CPEC and Gwadar Port – a different perspective
It is the early 2000 at the Saindak Copper Gold Project. I am with a Chinese friend and we are enjoying the setting sunset behind the lofty western mountain ranges bordering Pakistan and Iran.
The fascinating façade of the mountains darkens as the sun turns into a speck vanishing into the horizon. Our topic today was Gwadar Port. How come that the Chinese got interested in Gwadar? My Chinese friend who then had an uncle in the hierarchy of the Chinese Communist Party looks into my eyes, perhaps with an expression of my ignorance, and replies: The East and South China Sea is all controlled by the US, Taiwan, Japan, South Korea, the Philippines, etc. A war may not be imminent but there is an obvious possibility of an economic war or a blockade.
In case there is a blockade on the eastern side of China, there has to be an alternative route and that is only through Pakistan from where warm waters of the Gulf can be reached at Gwadar. This was the birth of CPEC. To avert a World War III, the US together with a conventional army and the Cold War started developing an army of economic hitmen like John Perkins to undermine the countries where war is not a favourable option. A same strategy is now being followed also by other powerful nations in the world towards weaker nations. Not only the US, but economies of other powerful nations also revolve around the sale of arms. This leads to pitting wars primarily between Muslim nations to sell them military hardware on the one hand and weaken their economies.
The recent example of the US partitioning the rest of the Arab world with Qatar, scaring the Saudis for their kingdom to be at stake if they did nothing about Iran and therefore the sale of $360 billion of military hardware that in turn brings a turnaround to the US economy.
After the fall of the Soviet Union, China may be the only country that can maintain a check and balance in Southeast Asia and therefore a serious threat to the US.
The closed China started opening to the rest of the world around 1993. The Capitalist block knowing the huge potential that awaited them in the Chinese market started opening offices in China.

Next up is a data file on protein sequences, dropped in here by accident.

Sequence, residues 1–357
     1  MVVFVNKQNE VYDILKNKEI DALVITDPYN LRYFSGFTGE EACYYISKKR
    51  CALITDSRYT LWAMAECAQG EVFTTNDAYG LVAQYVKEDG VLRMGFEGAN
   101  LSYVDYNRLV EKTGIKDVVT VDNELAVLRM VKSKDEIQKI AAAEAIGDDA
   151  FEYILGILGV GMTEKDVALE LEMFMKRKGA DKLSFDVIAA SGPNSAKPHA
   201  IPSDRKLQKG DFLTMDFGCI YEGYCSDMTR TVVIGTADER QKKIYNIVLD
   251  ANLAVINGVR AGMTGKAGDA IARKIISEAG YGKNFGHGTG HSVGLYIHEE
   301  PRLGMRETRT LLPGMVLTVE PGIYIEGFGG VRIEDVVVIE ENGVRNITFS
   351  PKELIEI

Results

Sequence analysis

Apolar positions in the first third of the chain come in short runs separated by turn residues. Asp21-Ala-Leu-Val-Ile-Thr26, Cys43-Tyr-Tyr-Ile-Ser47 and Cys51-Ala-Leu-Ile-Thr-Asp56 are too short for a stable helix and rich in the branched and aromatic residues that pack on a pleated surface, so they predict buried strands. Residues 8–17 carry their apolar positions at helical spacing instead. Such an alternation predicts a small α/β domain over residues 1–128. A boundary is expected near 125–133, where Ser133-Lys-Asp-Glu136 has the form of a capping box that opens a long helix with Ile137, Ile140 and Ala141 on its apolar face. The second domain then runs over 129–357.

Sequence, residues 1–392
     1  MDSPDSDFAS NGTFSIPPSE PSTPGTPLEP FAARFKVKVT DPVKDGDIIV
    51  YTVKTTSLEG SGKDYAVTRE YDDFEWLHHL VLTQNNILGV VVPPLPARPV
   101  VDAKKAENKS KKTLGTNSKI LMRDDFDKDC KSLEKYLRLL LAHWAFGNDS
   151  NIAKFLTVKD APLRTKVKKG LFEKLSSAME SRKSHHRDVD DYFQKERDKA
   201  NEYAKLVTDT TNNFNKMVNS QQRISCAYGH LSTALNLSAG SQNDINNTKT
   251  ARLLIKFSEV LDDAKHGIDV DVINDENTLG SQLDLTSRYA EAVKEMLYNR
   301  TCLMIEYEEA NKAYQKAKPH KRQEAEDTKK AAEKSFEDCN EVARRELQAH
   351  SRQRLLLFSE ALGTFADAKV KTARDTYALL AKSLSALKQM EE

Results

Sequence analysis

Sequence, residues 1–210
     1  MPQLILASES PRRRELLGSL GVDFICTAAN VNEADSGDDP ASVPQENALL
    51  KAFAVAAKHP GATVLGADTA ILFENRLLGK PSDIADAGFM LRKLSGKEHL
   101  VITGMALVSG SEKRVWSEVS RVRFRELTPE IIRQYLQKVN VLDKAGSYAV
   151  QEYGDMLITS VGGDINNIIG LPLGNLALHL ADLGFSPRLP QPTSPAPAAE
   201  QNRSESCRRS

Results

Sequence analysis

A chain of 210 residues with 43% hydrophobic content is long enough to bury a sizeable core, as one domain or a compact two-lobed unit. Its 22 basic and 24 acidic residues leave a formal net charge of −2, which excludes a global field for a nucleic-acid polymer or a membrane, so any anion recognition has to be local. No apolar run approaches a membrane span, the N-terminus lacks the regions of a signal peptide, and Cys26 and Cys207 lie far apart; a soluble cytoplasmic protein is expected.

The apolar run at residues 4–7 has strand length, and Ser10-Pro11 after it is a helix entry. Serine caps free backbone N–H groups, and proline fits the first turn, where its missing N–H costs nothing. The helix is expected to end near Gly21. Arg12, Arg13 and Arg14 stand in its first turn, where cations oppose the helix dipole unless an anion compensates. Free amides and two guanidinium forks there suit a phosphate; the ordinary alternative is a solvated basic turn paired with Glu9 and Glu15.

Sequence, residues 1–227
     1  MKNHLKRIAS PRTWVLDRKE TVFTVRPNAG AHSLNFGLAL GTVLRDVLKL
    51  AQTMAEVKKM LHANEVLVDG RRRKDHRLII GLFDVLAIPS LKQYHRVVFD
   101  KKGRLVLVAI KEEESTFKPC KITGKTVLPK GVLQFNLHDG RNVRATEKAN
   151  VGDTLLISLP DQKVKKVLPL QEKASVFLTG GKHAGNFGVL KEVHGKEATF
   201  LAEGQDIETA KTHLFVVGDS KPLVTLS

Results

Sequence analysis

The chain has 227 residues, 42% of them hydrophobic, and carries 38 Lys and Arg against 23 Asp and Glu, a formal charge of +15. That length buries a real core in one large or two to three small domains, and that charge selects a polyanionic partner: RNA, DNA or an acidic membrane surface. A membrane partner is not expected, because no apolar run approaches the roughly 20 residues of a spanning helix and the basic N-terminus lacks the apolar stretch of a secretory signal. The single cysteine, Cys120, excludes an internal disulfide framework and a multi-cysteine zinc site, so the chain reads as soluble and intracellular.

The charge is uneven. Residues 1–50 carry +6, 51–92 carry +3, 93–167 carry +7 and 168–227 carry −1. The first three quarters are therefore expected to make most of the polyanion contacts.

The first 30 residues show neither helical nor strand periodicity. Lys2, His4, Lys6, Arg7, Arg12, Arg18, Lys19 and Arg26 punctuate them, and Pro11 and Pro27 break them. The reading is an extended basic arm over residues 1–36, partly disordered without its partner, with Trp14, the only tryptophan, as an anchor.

With it came manufacturing or assembling of western products in China where it was much cheaper to be produced. This strategy backfired where China grabbed the technology and the knowhow and the Capitalist countries started losing jobs for their incumbents in their own countries.
This was the first step towards triggering an economic war that has reached its verge where the US imposed heavy tariffs on Chinese goods and China is gradually becoming dominant grabbing market economies in the rest of the world leaving its footprints all over the globe.
China kills two birds with one stone. In the Xinjiang province, which is predominantly Muslim, the Muslim population had to be marginalised.
Shifting of the industrial base from other parts of China to Xinjiang would mean influx of population from other parts of China and therefore reducing the threat of Islamization in the province.
Furthermore, it was not possible or feasible for Chinese goods produced in Xinjiang to be transported all the way to eastern border ports for shipment and therefore the only option, Gwadar Port and CPEC and a road connecting Kashgar to Gwadar.
Shifting of an industrial base from China to Pakistan helps in overcoming the US tariffs and brings ease in terms of exports to the rest of the world. Rice is a staple diet in China. Just imagine feeding rice to around 1.4 billion people every day, China needs an agriculture base and therefore the Chinese interest in agriculture in Pakistan.
CPEC is more a need for China rather than Pakistan but so unfortunate that Pakistan carries the begging bowl to China for loans that has already become impossible to repay.
The Chinese by nature are very tough negotiators. Instead, it should have been a 40-year contract where Pakistan should have charged enormous sums against facilitating China to have access to the warm waters of the Gulf to cover the Middle East and the western markets with goods produced in Xinjiang transported at a much cheaper cost through Gwadar Port.
The US having a tendency of not tolerating an economic or military imbalance is not very happy with the arrangement of CPEC. The economic war has already been triggered between the US and China by raising tariffs, but at the end of the day, it seems that China will be the winner.This could also be one of the reasons of a proxy war between vested interests within Pakistan with emphasis on the Balochistan province.
Maybe there is still time where strategists in Pakistan formulate a strategy to work towards the interest of their own country to gain out of this one-time opportunity of capitalising on CPEC by bringing a turnaround in the economy of the country presently in a state of despair.